The attorney noted that he gave this interview after coming straight from a meeting with his colleagues about how to advise the clients who’ve been burning down their office phone lines since Friday.
“What does all this mean?” asked Schwadel. “We don’t all agree on what advice to give. It’s just all over the place.”
Another industry attorney, Sherwin Belkin of Belkin Burden Wenig & Golden, said he didn’t want to predict what the outcome of such a lawsuit could be but does think certain aspects of the law could be challenged.
“Obviously this is a very multifaceted bill. There are aspects of it that raise significant questions,” he said. Those questions would relate to “takings without just compensation, possible interference with contracts and potential civil rights issues insofar as private property rights are concerned.”
Belkin added, “It was not so much written so much as rent reform as it was rent revenge.”
Craig Gambardella, an attorney with the firm Kucker & Bruh, said he thinks an aspect of the law that potentially could be challenged is the fact that it is now permanent. Historically, the rent regulations were up for renewal every four years.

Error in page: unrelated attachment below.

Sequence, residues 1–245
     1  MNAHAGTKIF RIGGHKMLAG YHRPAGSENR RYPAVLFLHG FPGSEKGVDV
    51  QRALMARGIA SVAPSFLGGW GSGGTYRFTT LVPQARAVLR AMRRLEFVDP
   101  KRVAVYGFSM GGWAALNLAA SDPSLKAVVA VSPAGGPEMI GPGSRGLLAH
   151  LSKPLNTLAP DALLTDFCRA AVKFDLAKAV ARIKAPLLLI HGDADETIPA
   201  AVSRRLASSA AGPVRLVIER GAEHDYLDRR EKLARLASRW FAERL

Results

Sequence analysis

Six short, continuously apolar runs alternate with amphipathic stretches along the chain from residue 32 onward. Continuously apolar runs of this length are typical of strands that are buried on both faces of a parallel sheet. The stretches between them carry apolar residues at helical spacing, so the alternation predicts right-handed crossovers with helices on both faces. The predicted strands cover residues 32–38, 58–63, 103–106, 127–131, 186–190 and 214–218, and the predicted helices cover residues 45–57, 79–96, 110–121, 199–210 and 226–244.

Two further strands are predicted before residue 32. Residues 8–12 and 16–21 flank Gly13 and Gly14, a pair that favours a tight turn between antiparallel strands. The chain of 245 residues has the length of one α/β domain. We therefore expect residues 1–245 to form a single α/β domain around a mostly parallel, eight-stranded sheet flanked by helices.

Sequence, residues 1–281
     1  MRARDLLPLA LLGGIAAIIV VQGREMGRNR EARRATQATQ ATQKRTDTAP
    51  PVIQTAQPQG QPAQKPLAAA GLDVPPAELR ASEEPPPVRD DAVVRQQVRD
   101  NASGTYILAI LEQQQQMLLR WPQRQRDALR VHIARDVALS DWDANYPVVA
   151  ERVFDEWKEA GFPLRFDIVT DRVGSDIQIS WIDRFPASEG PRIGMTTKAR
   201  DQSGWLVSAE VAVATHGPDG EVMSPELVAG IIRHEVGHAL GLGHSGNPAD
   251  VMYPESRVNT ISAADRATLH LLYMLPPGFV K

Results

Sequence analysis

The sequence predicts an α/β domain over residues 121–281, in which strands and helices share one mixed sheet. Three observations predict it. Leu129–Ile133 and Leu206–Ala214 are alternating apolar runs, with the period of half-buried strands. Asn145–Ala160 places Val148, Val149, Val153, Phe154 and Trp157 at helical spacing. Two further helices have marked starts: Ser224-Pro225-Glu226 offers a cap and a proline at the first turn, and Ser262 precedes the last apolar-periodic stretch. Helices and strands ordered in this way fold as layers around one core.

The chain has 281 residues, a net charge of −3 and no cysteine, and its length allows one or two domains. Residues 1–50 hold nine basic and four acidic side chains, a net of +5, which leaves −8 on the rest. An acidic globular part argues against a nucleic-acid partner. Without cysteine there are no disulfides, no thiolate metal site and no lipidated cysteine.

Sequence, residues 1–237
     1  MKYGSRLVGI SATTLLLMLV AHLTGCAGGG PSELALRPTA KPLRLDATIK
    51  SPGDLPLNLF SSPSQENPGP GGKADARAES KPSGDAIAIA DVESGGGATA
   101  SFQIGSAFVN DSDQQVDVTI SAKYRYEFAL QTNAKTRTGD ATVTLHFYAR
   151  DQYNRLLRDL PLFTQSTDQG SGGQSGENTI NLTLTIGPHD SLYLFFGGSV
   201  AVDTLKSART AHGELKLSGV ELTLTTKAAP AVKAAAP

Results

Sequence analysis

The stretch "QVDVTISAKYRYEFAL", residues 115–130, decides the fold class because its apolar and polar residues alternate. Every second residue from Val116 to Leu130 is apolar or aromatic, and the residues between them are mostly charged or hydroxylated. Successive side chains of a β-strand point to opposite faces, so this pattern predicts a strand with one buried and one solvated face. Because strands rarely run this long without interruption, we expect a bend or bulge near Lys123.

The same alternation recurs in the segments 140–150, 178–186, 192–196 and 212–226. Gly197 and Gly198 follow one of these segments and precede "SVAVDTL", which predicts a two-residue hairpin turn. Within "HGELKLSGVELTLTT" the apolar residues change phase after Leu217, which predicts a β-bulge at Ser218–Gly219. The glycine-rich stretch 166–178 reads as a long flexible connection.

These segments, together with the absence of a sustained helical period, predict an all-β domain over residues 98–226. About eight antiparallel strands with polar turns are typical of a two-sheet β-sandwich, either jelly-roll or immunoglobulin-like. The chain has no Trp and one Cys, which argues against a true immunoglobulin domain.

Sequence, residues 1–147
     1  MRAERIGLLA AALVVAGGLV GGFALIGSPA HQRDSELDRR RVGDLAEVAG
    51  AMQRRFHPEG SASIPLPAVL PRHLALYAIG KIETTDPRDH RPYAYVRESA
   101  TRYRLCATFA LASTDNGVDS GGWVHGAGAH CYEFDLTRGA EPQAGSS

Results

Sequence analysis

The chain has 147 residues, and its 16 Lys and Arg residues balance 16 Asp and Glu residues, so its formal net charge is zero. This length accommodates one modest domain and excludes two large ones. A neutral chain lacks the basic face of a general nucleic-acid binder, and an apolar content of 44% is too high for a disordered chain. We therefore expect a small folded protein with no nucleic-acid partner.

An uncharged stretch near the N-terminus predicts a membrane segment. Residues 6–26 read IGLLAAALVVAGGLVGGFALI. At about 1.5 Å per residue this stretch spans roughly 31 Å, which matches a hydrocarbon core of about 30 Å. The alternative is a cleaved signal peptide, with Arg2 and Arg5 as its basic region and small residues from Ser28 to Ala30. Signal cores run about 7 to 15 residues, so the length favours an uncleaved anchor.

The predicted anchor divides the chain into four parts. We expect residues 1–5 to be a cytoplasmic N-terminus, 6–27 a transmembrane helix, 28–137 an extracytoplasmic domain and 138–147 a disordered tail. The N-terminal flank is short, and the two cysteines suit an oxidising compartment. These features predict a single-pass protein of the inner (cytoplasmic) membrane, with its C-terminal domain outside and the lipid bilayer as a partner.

Though he hasn’t researched this new law, Gambardella said, “Laws in general aren’t supposed to go forever. I think there is an argument to be made based upon the custom of rent control and rent stabilization laws, that they have been reviewed and revised every four years. How can you allow a law to go forever without change, (when there are) circumstances that are unclear at the present?”
However, an attorney who represents tenants and shareholders in housing cases, said he thought a suit of this nature would have little chance of success.
“The U.S. Constitution does not allow the government to control prices, except if there is an emergency,” said Sam Himmelstein of Himmelstein, McConnell, Gribben, Donoghue & Joseph LLP.
“In the 70s, there was an oil crisis, so the government capped prices. There is an emergency for housing. That justifies the imposition of these laws. The laws were first enacted when World War II soldiers were coming home and the vacancy rate has been under 5 percent.”